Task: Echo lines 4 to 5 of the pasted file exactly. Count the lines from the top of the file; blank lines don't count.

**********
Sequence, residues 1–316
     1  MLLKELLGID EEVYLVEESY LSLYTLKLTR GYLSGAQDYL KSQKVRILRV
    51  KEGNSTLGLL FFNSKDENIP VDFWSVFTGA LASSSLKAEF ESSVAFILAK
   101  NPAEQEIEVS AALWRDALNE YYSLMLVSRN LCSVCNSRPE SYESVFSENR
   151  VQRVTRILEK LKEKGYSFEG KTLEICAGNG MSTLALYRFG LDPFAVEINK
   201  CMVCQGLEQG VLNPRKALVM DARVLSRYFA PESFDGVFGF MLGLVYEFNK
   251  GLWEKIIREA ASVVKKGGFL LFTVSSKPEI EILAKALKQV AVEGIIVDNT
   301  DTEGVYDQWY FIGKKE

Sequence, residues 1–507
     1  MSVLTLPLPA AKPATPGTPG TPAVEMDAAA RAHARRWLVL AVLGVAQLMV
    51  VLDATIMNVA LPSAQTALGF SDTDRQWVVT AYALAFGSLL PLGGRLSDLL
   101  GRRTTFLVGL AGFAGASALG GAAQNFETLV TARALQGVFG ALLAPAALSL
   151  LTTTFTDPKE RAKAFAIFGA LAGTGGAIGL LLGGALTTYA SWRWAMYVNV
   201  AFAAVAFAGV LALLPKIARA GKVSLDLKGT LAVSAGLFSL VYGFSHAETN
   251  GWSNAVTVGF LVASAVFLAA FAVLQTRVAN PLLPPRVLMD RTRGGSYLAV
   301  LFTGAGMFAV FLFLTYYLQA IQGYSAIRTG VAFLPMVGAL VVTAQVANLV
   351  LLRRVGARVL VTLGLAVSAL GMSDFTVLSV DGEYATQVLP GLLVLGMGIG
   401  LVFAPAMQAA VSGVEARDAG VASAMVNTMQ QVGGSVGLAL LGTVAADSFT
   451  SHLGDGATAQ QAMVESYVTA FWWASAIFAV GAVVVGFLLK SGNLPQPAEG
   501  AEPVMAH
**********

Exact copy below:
   101  NPAEQEIEVS AALWRDALNE YYSLMLVSRN LCSVCNSRPE SYESVFSENR
   151  VQRVTRILEK LKEKGYSFEG KTLEICAGNG MSTLALYRFG LDPFAVEINK